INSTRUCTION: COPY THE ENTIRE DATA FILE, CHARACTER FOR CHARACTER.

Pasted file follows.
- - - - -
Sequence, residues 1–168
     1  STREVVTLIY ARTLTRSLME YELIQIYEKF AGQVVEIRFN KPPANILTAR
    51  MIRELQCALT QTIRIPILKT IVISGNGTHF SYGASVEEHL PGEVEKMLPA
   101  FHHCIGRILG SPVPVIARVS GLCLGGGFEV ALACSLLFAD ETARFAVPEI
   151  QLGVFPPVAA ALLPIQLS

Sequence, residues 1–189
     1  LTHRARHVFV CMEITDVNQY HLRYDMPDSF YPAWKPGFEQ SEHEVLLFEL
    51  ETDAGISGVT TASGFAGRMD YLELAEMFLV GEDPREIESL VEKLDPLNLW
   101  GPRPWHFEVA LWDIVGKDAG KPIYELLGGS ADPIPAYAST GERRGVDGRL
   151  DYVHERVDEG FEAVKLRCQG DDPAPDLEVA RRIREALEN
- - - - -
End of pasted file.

Sequence, residues 1–168
     1  STREVVTLIY ARTLTRSLME YELIQIYEKF AGQVVEIRFN KPPANILTAR
    51  MIRELQCALT QTIRIPILKT IVISGNGTHF SYGASVEEHL PGEVEKMLPA
   101  FHHCIGRILG SPVPVIARVS GLCLGGGFEV ALACSLLFAD ETARFAVPEI
   151  QLGVFPPVAA ALLPIQLS

Sequence, residues 1–189
     1  LTHRARHVFV CMEITDVNQY HLRYDMPDSF YPAWKPGFEQ SEHEVLLFEL
    51  ETDAGISGVT TASGFAGRMD YLELAEMFLV GEDPREIESL VEKLDPLNLW
   101  GPRPWHFEVA LWDIVGKDAG KPIYELLGGS ADPIPAYAST GERRGVDGRL
   151  DYVHERVDEG FEAVKLRCQG DDPAPDLEVA RRIREALEN